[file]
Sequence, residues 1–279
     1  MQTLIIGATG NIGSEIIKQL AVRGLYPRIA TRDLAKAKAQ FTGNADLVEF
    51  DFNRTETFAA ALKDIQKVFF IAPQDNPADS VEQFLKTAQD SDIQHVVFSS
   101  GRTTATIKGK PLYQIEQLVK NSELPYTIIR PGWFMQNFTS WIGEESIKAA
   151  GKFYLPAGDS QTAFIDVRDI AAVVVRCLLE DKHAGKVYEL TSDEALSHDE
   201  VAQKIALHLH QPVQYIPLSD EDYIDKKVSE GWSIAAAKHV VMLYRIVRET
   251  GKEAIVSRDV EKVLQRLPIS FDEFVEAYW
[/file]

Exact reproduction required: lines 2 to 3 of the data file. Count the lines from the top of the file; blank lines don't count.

     1  MQTLIIGATG NIGSEIIKQL AVRGLYPRIA TRDLAKAKAQ FTGNADLVEF
    51  DFNRTETFAA ALKDIQKVFF IAPQDNPADS VEQFLKTAQD SDIQHVVFSS